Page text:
Intellectual Vitality

It’s the knowing. What the sounds mean. Who you can trust. When a molehill is a mountain – and more importantly, when it isn’t. When something is broken, how to fix it. How to love. When to stay in place and when to go. When to say no and who to say no to.

I love this post from AARP’s Disrupt Aging:

Aging measured by one’s ability to jump up and down misses the point. You can jump up and down and do push ups while your brain turns to oatmeal mush. For example, I haven’t been able to jump up and down for years, I hate to go down escalators, but my IQ hasn’t dropped more than 10-12 points.

Some days oatmeal mush doesn’t sound so bad, but of course that’s fatalistic thinking and the reality is the loss of snap crackle pop is probably what is most frightening. Accustomed to thinking quickly, spontaneously, it’s more than a bit disconcerting to be looking around for words or names that should be right there. It’s pretty classic “senior moment” stuff, but uncomfortably noticeable as it progresses from occasional annoyance to regular state of being.

We’re used as a culture to thinking about vitality as physical, but I think the blog comment above puts a fine point on the relatively higher importance of – I don’t know, whatever the opposite of vacuity is. The value of age, apart from the actinic keratosis and disintegrating menisci and creaking joints, all of which point out how great a day is when you wake up and everything doesn’t hurt, is that our minds are incredible intuitive machines that have rebalanced their act in favor of reflecting over reacting.

On the emotional front, frustration has context, anger is less persistent, action is so neatly tempered by consideration. It’s not a black-and-white thing, of course, but it’s every bit as much in evidence as the physical signs or aging. On the intellectual front, things that are just plain hard to know what to do about when you’re coming up are obvious and easy, philosophical positions may not be any more logical but they are confident and clear, and the trade-off of absolute cognitive speed against just knowing isn’t ultimately such a bad one. Not being able to do things, whether skiing a black diamond trail or doing mental calculations, just don’t matter the same way.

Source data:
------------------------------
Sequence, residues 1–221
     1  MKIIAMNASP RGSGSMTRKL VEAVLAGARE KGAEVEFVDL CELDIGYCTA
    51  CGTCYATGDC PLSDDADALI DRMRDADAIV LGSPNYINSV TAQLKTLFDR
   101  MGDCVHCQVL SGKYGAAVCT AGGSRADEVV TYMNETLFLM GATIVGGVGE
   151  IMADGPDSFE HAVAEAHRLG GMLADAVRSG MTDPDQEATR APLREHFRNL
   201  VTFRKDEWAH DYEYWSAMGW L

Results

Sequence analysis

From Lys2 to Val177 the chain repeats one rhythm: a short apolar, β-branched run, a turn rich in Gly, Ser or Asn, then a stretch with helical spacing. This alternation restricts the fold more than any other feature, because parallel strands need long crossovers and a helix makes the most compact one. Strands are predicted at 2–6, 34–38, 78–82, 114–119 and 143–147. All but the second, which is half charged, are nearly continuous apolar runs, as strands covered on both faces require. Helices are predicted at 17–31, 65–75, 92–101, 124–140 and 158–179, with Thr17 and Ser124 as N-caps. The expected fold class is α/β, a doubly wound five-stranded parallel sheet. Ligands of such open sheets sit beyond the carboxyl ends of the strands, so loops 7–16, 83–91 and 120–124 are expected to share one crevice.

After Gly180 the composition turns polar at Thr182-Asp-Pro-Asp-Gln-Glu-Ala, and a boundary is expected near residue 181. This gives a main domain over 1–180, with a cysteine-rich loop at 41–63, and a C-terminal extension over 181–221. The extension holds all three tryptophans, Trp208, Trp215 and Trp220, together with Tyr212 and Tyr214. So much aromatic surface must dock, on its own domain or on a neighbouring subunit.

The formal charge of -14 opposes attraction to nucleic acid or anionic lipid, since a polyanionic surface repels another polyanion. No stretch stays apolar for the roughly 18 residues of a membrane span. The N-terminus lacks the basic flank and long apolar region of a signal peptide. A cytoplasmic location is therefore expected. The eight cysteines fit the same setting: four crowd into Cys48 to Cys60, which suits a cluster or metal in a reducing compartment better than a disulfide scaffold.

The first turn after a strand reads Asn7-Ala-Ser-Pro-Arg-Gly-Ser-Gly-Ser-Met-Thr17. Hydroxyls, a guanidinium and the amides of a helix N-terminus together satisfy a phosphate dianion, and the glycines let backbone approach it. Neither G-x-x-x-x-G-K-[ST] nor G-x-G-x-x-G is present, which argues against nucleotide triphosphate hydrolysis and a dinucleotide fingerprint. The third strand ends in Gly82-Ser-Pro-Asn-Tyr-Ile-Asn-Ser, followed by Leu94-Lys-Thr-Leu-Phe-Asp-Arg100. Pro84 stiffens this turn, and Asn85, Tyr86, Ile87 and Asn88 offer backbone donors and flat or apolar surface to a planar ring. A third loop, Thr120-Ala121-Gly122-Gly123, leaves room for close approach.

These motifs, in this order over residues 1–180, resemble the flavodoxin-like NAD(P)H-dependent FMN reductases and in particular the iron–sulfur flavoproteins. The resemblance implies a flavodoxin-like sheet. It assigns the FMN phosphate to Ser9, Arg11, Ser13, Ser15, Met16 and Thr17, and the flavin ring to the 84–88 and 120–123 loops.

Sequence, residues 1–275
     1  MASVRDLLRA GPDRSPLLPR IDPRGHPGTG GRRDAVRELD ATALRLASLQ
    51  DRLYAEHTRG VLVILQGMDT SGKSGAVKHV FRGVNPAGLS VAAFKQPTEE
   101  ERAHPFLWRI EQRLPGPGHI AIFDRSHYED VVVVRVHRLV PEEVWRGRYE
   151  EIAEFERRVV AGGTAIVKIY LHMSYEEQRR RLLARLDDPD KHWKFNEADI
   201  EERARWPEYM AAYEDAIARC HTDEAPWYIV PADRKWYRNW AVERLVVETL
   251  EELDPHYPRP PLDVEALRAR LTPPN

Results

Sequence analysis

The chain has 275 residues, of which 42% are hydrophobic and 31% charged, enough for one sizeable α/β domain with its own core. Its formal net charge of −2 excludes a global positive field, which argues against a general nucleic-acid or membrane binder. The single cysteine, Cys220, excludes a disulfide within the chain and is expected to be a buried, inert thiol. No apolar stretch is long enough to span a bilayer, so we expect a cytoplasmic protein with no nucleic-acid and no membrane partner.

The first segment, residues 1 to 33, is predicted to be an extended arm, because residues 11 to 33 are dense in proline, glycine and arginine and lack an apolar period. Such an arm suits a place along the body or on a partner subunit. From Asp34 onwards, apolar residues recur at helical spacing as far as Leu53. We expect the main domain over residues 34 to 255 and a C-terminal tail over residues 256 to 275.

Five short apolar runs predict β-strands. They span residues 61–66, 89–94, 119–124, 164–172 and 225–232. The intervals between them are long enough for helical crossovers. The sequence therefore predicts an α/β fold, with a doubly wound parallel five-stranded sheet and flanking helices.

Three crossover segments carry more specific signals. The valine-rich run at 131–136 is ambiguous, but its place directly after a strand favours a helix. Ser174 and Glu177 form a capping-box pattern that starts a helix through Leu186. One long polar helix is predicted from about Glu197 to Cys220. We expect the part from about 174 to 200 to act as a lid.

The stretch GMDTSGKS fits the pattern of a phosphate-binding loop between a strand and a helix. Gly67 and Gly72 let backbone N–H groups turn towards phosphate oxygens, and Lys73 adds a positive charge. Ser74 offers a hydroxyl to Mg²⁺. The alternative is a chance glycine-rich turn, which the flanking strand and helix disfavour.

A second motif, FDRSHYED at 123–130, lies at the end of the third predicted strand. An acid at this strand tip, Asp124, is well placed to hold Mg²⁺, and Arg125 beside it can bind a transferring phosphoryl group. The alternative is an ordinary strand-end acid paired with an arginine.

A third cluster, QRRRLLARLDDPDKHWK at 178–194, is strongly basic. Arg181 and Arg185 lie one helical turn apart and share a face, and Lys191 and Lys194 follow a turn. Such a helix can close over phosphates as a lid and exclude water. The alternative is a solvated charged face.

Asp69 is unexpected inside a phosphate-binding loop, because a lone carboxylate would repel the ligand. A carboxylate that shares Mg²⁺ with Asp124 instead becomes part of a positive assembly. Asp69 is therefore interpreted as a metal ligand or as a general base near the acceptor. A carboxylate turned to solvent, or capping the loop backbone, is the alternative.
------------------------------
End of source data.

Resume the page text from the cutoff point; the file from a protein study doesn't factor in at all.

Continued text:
OwlIn other words, we have finally figured out what brings us joy and what is not worth worrying (so much) about. Here’s another quote from the Disrupt Aging blog:

I’m 70 and I’m constantly learning because I still teach and do tutoring.  I used to repair my own ’66 Mustang and it proves valuable that I know mechanics when discussing repairs with a mechanic, especially since I’m a woman. 

Recently one mechanic told me that I needed a new catalytic converter.  Yes, I knew that the sounds I heard from under the hood were indicative of a possible distributor failure.  Yep, another mechanic (without my prompt) said that the problem was the distributor.

 It’s the knowing. What the sounds mean. Who you can trust. When a molehill is a mountain – and more importantly, when it isn’t. When something is broken, how to fix it. How to love. When to stay in place and when to go. When to say no and who to say no to.

It’s not perfect, it won’t ever be perfect, but it’s progress. And not so bad at all in the universal accounting of things.

Scott@agespots